Mention Italian wines and your first thoughts might turn to a Barolo from Piedmont, a rich powerful Amarone from Verona or a popular Super Tuscan. Rarely would the wines from Abruzzo make the list, unless, that is, you’re someone in the know. Well, all of that is changing and rapidly.
Wine from Abruzzo, previously considered by many as low-cost table wine, is now getting its fair share of the limelight due partly to the work of local passionate believers and a great lot to the dedication of a single man, Gianni Masciarelli.
The stories tell that in his university years Gianni Masciarelli was an overachiever, not through any particular effort on his part but through natural talent. Disappearing though, halfway through his studies, he returned months later declaring to his college roommates that he’d found his calling and was dedicating his life to winemaking. One friend recalls that he’d even brought a whole roll of wine labels with him and cajoled his mates into cutting them apart.
Not coming from a winemaking family himself, Gianni Masciarelli had to build his business from scratch. His unwavering vision saw him accumulate in 30 years over 300 hectares of prime wine growing plots in Abruzzo. Officially founded in 1981, wine at that time was primarily produced in quantity, not for quality. Gianni’s mission to change that began with two grapes typical to the region, Trebbiano and Montepulciano. A pioneer in oenology, and following techniques he had picked up from top wine producers in Champagne, he is credited with changing the direction of wine production and paving a movement that has since earned Abruzzo a proud place on the wines-to-be-paid-attention-to map.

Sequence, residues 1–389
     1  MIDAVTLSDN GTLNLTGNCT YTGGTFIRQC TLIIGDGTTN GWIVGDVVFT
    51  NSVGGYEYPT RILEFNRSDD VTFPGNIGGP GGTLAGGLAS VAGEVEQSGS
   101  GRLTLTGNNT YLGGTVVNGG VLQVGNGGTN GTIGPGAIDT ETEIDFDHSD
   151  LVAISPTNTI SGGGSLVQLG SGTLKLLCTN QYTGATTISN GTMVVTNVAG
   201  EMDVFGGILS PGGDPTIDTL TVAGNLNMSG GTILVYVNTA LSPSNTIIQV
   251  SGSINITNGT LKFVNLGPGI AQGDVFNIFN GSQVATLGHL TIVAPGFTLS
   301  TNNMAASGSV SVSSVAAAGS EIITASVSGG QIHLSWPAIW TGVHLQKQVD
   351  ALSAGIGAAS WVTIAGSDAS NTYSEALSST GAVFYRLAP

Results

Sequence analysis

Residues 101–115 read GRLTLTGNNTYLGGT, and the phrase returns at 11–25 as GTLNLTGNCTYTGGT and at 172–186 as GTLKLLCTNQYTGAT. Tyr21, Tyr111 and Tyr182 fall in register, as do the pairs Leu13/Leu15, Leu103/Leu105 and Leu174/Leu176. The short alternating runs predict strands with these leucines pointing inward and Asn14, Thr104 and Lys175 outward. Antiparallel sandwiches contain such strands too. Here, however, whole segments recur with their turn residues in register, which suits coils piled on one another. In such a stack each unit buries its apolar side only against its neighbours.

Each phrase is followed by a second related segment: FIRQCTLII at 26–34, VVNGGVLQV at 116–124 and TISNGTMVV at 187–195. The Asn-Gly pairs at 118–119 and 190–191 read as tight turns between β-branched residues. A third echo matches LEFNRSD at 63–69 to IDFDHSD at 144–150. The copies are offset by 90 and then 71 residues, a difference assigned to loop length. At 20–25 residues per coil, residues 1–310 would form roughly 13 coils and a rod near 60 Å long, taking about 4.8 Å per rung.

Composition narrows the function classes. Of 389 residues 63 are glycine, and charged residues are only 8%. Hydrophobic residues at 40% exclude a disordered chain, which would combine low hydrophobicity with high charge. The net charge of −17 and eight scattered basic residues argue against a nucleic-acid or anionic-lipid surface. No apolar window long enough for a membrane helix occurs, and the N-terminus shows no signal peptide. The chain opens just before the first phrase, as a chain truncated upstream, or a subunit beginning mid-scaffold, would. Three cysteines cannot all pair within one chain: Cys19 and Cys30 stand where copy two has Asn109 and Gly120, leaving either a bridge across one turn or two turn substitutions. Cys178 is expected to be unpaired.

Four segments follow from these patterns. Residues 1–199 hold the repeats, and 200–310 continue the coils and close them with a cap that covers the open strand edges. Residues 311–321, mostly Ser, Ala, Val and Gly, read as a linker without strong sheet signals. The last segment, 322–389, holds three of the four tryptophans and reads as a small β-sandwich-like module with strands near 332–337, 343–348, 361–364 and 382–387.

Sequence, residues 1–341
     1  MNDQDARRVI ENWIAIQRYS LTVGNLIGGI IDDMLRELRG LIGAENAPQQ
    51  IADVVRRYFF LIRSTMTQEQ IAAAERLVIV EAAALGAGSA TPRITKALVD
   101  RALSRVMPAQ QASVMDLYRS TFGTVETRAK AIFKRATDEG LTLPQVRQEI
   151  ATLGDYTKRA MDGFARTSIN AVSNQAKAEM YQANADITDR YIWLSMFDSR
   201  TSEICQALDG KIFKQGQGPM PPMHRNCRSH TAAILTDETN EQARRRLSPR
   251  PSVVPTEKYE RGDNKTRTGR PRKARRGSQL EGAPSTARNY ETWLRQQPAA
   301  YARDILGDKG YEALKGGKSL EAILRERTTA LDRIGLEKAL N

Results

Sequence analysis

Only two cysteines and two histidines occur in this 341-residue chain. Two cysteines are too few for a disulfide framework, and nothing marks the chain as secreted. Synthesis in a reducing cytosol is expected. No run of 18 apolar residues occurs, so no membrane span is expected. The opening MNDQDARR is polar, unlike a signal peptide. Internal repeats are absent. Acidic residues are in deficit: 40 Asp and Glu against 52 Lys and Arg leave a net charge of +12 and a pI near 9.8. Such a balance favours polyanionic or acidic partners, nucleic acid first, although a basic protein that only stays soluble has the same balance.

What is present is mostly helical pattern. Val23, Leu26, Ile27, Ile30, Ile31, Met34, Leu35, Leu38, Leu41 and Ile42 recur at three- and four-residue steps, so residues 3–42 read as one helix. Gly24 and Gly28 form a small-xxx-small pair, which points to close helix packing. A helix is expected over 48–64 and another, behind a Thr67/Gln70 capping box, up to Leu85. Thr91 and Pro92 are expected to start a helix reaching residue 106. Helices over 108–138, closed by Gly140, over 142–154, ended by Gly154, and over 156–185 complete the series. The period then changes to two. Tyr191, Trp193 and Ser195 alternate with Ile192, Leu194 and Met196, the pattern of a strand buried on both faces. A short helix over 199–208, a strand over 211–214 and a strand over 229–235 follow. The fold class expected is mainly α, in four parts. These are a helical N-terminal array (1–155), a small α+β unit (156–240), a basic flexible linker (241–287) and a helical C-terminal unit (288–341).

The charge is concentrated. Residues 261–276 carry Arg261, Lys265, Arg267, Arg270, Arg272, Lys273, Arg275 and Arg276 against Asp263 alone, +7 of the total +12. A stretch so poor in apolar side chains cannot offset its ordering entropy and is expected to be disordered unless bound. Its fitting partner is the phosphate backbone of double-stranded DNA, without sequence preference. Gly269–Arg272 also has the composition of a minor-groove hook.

Dario, general manager of Masciarelli wine and our tasting guide, tells that he believes that wine should be firstly a gastronomic product and secondly a hedonistic one, “Our wines are made from Abruzzo, by Abruzzo and for Abruzzo cuisine as well as international cuisine.” He professes that they’re, “big and small at the same time: artisans yet with a larger production than many boutique producers.” Masciarelli represents quality wine made in Italy with exceptional grapes and superb terroir.
Today we’re participating in a vertical tasting of wines from Loreto Aprutino (Pescara province) and San Martino sulla Marrucina (Chieti province).
Beginning with the whites, two typical grapes of the region, Pecorino and Trebbiano are highlighted in the Villa Gemma Bianco and Castello di Semivicoli series.